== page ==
Vitality

The Sex Partner That Women Don't Want: Stressed-Out Men Appear Less Attractive, Suitable For Reproduction

Women are all looking for different things in a relationship, whether it's casual or committed. When it comes to sex, most will agree they want a man who is confident, dominant, and doesn't cave under pressure. Moreover, women find men who've experienced stress in adolescence, and became submissive as an adult, are less attractive and less suitable sex partners, according to a recent study published in Hormones and Behavior.

"Basically a female rat can identify who are dominant animals and who has been stressed during adolescence, and she will go toward the male that reacted the best to the stressor by being dominant in his cage," said Nicole Cameron, study author, and an assistant professor of psychology at Binghamton University, State University of New York, in a statement.

Read: Stress Makes Women Less Attractive To The Opposite Sex

Researchers from Binghamton University and Brock University in Ontario, Canada found a male rat that was stressed during adolescence, and is submissive, is a "loser" because the female rat will not choose him. However, if the male experienced stress during childhood, but then became dominant, the female would more likely choose him compared to the control male that didn't suffer stress.

"But animals that suffer stress and became a submissive animal, that makes him a double loser, and the female will not spend time with him," said Cameron.

To examine how social history influenced rats' sexual preferences, a group of male rats were subjected to social stress during adolescence, forcing the rats to change cage-partners regularly and establish their dominance in a group over and over. A female rat was placed into a mating chamber, after the rats reached their childbearing years, with one male who was stressed out during adolescence and one who wasn't stressed. This was done with dominant and for subordinate rats separately.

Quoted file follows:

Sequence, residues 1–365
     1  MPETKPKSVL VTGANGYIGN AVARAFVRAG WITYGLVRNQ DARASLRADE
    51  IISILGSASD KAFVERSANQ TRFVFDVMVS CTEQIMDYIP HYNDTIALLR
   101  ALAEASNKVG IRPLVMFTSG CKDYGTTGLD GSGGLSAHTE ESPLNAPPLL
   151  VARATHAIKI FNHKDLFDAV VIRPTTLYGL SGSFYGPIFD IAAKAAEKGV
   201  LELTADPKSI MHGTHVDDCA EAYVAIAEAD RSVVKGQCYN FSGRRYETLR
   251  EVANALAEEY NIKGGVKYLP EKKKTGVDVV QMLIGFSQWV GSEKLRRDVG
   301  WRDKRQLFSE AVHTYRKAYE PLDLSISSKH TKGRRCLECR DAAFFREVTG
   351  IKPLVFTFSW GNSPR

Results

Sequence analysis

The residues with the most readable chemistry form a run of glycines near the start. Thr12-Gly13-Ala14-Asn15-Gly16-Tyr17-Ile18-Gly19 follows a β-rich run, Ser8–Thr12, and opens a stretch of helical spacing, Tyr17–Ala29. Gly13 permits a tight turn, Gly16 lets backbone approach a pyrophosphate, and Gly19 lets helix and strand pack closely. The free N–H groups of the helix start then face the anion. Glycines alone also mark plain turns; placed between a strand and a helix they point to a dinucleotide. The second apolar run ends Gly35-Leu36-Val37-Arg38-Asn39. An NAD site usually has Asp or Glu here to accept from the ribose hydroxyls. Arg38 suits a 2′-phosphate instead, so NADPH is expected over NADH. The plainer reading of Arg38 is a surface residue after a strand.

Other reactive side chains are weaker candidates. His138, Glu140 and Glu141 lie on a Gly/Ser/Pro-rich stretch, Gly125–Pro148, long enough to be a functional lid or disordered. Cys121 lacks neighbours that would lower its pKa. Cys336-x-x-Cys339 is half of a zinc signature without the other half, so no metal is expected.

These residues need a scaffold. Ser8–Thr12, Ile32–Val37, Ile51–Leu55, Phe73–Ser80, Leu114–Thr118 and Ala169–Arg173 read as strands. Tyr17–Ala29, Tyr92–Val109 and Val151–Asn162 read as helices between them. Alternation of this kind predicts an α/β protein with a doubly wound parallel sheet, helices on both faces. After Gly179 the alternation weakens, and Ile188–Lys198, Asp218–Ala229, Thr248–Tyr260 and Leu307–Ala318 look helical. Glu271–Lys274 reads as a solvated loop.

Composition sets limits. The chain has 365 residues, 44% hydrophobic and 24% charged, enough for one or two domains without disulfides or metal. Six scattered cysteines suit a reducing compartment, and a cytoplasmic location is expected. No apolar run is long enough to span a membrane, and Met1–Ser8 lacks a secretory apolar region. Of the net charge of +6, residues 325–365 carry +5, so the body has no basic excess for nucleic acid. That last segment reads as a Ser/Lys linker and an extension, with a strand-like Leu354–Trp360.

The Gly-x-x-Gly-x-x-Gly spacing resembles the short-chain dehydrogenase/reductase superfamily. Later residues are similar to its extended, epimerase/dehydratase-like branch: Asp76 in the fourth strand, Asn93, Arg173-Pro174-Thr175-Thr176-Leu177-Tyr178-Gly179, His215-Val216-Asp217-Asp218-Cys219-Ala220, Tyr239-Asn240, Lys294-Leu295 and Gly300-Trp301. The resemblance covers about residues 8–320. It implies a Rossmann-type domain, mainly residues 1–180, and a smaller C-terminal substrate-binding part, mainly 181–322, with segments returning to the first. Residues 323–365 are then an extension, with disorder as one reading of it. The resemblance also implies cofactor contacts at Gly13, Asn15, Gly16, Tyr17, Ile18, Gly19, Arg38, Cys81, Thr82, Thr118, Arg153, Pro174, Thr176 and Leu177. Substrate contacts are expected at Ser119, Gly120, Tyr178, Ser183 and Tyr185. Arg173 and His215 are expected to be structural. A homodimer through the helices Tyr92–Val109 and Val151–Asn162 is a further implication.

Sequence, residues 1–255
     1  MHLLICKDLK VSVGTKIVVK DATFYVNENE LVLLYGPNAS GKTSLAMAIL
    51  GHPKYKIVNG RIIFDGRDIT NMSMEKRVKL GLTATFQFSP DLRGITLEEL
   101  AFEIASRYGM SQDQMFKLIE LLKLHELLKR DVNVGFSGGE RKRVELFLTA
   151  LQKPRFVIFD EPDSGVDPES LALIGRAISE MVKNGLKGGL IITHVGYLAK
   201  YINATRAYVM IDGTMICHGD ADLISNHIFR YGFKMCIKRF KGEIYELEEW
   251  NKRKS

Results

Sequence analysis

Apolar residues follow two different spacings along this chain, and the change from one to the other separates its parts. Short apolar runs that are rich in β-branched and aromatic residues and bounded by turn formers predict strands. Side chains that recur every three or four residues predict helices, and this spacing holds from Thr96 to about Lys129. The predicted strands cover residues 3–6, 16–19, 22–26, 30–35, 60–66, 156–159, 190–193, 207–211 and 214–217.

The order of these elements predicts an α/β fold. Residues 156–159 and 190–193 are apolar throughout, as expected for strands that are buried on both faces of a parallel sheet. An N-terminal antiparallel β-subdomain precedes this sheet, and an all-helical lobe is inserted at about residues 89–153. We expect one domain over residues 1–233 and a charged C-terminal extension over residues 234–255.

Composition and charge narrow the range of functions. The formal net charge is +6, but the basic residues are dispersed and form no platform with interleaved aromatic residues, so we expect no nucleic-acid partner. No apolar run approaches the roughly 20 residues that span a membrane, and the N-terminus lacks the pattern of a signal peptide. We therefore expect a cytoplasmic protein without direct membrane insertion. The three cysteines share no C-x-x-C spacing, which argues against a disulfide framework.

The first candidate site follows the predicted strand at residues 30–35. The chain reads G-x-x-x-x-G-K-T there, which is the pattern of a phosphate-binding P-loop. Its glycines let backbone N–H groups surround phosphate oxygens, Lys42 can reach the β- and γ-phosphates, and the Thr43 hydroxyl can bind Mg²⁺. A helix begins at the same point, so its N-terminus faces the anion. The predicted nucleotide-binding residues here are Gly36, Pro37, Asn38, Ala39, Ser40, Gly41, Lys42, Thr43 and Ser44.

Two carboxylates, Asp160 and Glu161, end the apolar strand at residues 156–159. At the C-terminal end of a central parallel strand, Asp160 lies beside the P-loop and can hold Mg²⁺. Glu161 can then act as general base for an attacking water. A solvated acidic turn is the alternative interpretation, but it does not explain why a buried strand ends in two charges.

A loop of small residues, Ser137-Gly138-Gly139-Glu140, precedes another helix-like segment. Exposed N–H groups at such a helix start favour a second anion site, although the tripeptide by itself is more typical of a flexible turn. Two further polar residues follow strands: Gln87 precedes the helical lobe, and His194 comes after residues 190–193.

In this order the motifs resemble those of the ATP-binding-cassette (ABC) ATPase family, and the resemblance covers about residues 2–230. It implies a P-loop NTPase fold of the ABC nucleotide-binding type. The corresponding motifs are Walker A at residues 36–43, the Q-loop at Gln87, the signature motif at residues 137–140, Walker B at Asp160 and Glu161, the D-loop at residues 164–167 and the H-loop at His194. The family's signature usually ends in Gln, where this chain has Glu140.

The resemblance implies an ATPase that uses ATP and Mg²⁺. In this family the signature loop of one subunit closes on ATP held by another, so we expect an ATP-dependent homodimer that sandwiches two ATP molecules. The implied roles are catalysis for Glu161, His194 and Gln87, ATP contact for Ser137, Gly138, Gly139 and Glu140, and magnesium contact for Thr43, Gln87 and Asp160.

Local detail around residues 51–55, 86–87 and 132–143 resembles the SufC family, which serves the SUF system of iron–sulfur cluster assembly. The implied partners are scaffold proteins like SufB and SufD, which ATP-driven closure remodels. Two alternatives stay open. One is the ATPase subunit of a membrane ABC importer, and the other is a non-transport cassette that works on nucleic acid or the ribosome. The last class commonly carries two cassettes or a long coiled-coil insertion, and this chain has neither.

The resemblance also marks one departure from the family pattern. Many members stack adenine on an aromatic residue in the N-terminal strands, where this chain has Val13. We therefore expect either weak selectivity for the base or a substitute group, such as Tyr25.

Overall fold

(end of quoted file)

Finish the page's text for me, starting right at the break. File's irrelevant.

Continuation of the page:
Overall, if the rats overcame their stresses, they had better odds to be with the female rat.

However, female rats preferred unstressed rats who exerted more dominance than their submissive counterparts.

The male's experience with stress does have long-lasting effects that are transferable to dating, and sexual behavior. Females are capable of identifying these males, and see which one is subordinate, and which is dominant. This allows the female to choose between the two of them.

Woman and two men Men who experience stress during adolescence, and are submissive as adults, are seen as less desirable sex partners. Photo courtesy of Pixabay, Public Domain

Cameron believes these results could lead to a better understanding of the effects of environmental stress on human reproduction.

Read: What Type Of Men Most Women Prefer, According To Science

"I think that this study is translational because it can lead us to a better understanding of the reproductive axis functions in mammals, including humans," she said.

A similar 2015 study published in Proceedings of the Royal Society B found stress levels influence how attractive we appear to be. A diminishment in attractiveness was linked to cortisol, which increases the amount of glucose in the body, while also inhibiting muscle and bone growth. This makes people appear less healthy, and therefore less physically attractive. The researchers did not identify specific cues to stress in the face, but they believe it comes down to how "healthy" someone looks. Overall, men who can handle stressful situations appear instantly more attractive to women.

These studies suggest the link between low stress levels in males and high attractiveness is because women see this as an ability to easily adapt to stressful situations. This translates to better suitability for a partner, and their ability to pass on these genes to future offspring.

Cameron and her colleagues want to look at animals that have received a low level of maternal care, and then additionally give them social stress, and find out what is going to happen to those animals later in life. She doesn’t just want to explore this on a reproductive level, Cameron also wants to seek how this affects animals and humans in terms of learning and memory.

It's inevitable; some early childhood experiences do shape adult life, and affect our relationships with others.

Source: McCormick CM, Cameron NM, Thompson MA et al. The sexual preference of female rats is influenced by males' adolescent social stress history and social status. Hormones and Behavior. 2017.

See Also:

How Stress Can Compromise Your Immune System

The Effects Of Stress On Your Entire Body

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